It felt like winter around here again today, with the snow and colder temperatures and all. What’s up with that? I personally liked it but people get used to the mild winter and forget what winter is supposed to be like. I think the first thing they forget is how to drive in snow – but I’ll leave that for another discussion.
Now on to the show. Being my first weekend off from my new job and the first weekend in about three weeks where both I and my wife were feeling pretty good after battling off and on colds. And because we both were focusing on getting better and I was focusing on work, we had a backlogged to-do list to take care of today. But the one thing on my to-do list was to get back in the groove of shooting some photos again. I have been kind of lapse so far this year and once I get a regular work schedule down I’m going to get back to, or at least attempt, some kind of daily photography.
As for todays photo, since I was in the area I drove through a local park that I like to visit. I’ve never been there when it snowed so I was curious of what I would find. It’s pretty woodsy and that’s about all I found. Granted I was only looking from the road and parking areas because I wasn’t dressed properly to go walking through the woods. I took a few snaps but because of all of the trees and branches contrasting with the snow the shots were generally too cluttered with no real subjects. So I thought of doing a moving camera abstract shot of the trees. I’ve done a few of these in the summer but this was my first attempt with snow on the ground. These kind of shots tend to look similar even though they’re all different since you really can’t control the camera movement the same way each time. The best way is to try multiple attempts and pick the one you like best. I liked this one the best. It was taken with a shorter shutter speed than I normally would have used but it worked well, probably because of the simple scene of white snow and dark trees. Pentax K20D, DA17-70.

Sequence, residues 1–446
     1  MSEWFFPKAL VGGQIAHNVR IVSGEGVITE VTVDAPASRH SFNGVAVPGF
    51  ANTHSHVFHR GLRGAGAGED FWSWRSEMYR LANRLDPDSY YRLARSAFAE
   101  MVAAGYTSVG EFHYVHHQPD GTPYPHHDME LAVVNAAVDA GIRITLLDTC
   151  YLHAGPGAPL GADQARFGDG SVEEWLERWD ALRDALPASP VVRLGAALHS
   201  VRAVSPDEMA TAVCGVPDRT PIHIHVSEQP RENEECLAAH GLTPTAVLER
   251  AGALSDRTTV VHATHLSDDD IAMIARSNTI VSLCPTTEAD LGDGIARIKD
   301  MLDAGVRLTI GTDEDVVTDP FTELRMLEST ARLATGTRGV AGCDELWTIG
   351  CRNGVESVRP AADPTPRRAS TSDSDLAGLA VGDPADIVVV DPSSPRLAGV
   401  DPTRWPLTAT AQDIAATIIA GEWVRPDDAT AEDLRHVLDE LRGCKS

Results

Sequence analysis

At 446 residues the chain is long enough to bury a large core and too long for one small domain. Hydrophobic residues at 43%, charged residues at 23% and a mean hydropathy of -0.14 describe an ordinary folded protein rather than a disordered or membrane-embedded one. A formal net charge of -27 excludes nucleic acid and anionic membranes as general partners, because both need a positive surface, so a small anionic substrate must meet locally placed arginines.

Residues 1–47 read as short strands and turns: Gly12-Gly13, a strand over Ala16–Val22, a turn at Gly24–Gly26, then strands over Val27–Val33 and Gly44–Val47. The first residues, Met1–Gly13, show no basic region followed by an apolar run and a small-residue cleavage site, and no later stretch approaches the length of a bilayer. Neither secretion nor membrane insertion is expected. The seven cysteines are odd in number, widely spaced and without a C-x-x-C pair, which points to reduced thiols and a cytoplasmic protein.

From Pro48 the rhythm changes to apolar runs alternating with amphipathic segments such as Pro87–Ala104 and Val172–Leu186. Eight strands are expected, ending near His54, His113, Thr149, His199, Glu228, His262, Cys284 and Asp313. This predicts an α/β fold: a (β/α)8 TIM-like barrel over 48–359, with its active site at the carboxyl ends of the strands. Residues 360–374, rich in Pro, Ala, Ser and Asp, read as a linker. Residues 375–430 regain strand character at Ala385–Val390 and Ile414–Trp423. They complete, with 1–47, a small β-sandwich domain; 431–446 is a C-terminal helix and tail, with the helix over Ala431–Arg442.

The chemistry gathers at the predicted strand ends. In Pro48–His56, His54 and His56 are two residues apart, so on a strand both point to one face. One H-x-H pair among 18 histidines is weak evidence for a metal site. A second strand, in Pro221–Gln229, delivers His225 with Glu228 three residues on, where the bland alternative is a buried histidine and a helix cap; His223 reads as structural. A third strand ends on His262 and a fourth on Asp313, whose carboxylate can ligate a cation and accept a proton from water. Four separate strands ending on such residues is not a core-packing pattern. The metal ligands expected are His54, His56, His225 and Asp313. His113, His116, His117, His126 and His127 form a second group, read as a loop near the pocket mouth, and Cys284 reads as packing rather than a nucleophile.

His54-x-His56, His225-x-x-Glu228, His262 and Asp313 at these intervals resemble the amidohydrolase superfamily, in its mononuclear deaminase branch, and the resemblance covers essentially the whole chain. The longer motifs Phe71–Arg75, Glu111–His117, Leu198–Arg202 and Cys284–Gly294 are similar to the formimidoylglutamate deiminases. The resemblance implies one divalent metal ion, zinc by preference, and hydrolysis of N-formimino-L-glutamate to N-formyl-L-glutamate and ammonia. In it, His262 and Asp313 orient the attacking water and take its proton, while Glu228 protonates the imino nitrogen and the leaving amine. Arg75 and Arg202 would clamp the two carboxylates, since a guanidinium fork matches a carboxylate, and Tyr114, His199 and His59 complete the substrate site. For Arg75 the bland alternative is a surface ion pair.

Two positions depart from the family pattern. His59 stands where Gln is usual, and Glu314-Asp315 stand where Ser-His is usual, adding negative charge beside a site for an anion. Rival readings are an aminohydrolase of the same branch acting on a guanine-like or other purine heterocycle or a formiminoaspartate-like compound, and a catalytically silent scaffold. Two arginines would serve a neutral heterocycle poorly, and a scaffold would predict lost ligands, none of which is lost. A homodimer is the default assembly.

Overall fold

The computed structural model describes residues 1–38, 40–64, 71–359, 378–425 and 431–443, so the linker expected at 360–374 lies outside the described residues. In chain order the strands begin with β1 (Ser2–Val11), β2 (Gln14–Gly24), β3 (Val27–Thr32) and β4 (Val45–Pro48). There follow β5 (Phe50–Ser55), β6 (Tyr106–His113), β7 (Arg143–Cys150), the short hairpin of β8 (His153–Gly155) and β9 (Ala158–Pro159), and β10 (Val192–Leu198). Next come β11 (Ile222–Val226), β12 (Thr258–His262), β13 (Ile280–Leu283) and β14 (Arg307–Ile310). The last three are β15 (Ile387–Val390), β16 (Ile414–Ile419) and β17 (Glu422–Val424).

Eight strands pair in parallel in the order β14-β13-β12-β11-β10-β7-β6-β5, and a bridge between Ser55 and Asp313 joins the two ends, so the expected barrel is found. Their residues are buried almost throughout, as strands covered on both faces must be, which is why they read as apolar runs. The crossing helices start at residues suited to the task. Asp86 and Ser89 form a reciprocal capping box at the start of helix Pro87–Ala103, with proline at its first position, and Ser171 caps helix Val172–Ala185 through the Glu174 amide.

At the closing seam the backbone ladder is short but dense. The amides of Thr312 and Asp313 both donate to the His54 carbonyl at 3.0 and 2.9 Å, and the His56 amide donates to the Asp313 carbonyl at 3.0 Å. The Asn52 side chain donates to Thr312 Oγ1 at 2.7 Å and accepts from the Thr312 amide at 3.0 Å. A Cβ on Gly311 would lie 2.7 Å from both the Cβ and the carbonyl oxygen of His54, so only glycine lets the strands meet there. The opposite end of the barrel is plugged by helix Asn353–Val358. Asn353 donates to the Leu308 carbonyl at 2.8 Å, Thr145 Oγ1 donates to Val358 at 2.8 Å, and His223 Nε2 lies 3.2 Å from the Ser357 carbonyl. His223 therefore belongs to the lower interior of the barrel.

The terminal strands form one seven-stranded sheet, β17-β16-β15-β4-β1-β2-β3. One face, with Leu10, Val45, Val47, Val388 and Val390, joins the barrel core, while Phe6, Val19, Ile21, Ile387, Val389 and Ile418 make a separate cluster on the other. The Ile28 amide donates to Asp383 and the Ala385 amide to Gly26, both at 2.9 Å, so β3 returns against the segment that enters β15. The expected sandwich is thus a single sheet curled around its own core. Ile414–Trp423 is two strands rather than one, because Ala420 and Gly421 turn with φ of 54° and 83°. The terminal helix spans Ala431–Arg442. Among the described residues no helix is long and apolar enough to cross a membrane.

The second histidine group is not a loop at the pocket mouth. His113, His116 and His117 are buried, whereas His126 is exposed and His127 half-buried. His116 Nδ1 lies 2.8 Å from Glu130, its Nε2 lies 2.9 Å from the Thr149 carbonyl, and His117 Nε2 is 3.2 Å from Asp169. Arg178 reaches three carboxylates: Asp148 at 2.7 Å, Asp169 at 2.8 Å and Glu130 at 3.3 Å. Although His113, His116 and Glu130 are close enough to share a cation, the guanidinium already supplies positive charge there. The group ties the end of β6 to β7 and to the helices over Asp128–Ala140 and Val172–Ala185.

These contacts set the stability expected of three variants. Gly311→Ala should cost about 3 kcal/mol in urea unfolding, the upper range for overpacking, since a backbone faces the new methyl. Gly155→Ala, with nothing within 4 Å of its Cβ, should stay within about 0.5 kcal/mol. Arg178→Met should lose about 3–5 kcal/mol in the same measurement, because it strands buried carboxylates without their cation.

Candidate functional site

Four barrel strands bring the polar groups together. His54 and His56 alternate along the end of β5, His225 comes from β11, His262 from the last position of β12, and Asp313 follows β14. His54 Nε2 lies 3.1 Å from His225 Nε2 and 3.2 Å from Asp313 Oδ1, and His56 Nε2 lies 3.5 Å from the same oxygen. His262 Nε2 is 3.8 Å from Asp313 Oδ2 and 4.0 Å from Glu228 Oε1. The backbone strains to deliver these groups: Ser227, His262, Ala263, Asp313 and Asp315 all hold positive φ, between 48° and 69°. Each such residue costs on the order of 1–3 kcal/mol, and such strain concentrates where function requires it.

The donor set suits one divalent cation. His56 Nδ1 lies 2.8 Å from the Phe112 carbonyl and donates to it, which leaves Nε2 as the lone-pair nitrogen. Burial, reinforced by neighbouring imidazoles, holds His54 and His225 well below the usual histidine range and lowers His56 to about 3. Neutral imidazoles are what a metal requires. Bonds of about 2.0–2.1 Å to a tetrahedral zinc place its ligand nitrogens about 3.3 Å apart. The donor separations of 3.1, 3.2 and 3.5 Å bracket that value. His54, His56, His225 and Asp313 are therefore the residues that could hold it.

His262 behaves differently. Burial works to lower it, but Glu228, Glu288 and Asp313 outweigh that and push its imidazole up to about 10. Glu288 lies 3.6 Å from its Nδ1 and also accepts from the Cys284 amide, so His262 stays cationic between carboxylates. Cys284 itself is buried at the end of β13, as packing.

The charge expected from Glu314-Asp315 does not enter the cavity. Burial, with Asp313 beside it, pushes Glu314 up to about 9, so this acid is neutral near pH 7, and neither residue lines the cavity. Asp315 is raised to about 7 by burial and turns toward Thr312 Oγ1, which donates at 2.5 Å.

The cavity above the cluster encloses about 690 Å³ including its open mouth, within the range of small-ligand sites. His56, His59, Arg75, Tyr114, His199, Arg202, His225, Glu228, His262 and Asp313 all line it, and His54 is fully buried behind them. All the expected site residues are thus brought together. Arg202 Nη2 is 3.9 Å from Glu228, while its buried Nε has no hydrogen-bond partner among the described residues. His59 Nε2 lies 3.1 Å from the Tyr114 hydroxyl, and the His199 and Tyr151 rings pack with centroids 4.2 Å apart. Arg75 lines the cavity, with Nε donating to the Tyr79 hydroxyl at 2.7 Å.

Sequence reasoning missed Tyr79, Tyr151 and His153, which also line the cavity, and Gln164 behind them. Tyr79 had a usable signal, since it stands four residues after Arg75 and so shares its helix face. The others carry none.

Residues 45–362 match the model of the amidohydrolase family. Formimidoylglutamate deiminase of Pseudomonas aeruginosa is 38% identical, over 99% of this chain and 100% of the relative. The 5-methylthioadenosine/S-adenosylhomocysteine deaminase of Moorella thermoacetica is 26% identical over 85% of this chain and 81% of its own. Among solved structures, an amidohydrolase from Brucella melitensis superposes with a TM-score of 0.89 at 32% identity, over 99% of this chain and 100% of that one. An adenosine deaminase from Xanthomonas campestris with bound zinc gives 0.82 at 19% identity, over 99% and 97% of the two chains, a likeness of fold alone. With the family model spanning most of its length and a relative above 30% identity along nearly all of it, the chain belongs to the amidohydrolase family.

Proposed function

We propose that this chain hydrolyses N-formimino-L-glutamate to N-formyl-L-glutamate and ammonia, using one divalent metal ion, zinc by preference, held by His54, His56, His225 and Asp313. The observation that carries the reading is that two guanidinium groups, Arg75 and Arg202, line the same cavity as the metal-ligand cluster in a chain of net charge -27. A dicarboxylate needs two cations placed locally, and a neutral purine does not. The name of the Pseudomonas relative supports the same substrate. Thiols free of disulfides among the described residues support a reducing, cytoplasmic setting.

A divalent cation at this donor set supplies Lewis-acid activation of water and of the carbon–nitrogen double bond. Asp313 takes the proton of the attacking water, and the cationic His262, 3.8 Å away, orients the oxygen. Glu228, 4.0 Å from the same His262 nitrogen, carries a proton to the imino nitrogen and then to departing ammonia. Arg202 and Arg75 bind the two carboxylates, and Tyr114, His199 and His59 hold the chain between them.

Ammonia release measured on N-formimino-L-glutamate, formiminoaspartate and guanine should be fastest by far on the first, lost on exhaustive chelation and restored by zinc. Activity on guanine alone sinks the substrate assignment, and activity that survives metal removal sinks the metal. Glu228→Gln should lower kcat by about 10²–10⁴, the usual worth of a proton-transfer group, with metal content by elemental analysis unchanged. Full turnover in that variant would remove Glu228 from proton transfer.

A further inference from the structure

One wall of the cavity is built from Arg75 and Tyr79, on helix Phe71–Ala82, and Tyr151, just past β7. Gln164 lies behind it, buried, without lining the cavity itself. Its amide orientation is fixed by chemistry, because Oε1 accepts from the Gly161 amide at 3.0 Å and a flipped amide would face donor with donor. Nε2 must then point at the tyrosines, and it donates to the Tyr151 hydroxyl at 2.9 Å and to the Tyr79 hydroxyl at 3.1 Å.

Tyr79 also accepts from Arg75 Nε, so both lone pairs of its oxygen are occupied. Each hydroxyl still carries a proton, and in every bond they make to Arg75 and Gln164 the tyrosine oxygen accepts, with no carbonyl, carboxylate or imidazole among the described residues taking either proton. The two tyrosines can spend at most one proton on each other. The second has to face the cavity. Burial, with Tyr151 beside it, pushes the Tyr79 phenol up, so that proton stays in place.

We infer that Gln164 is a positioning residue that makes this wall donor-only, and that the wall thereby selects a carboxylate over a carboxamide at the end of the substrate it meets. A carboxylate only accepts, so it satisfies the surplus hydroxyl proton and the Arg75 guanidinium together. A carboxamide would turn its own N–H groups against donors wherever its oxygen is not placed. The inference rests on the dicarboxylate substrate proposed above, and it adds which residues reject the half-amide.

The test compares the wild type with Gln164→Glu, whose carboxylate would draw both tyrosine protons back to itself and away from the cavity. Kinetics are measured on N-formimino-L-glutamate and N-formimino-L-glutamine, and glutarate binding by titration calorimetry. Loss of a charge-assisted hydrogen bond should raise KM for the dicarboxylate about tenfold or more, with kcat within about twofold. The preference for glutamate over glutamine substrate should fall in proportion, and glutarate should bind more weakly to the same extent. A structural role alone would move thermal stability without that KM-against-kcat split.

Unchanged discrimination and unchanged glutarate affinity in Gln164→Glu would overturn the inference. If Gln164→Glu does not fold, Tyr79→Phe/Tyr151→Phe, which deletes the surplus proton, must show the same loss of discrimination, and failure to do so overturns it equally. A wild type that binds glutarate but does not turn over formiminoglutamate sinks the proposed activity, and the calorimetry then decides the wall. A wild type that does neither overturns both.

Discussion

I love this.. great effect.
Thanks. It’s what I do when I can’t possibly take a “normal” shot (low light levels, no tripod, etc.).
Great idea.. I must remember that 😉
I thought it was a painting..! cool^.^
Thanks. I like the challenge of taking photography beyond “straight” shots.
Well I don’t know how often you get this question, but how do you do it?
I don’t get asked too often! Basically I move the camera in the direction of the blur I want. For this shot and similar ones I use a shutter speed of approximately 1/8 to 1/2 second, depending on the amount of blur, sometimes you may want an even longer exposure. I compose the shot as if I’m simply taking a picture of the trees and as soon as I snap the shutter I quickly pan the camera downward during the exposure. Panning down keeps the bottom of the trees somewhat recognizable – if I panned upwards the tree trunks would have blurred over the bottoms and I would have had a bunch of lines with no “end” point, although that may be desirable at times. Depending on your camera, you may or may not want to keep any shake or vibration reduction turned on. It takes a lot of trial and error – just keep experimenting until something works right – vary the shutter speed or direction of pan, etc.
wow.. interesting..:) thanks..^.^ will be waiting to see more pictures..:)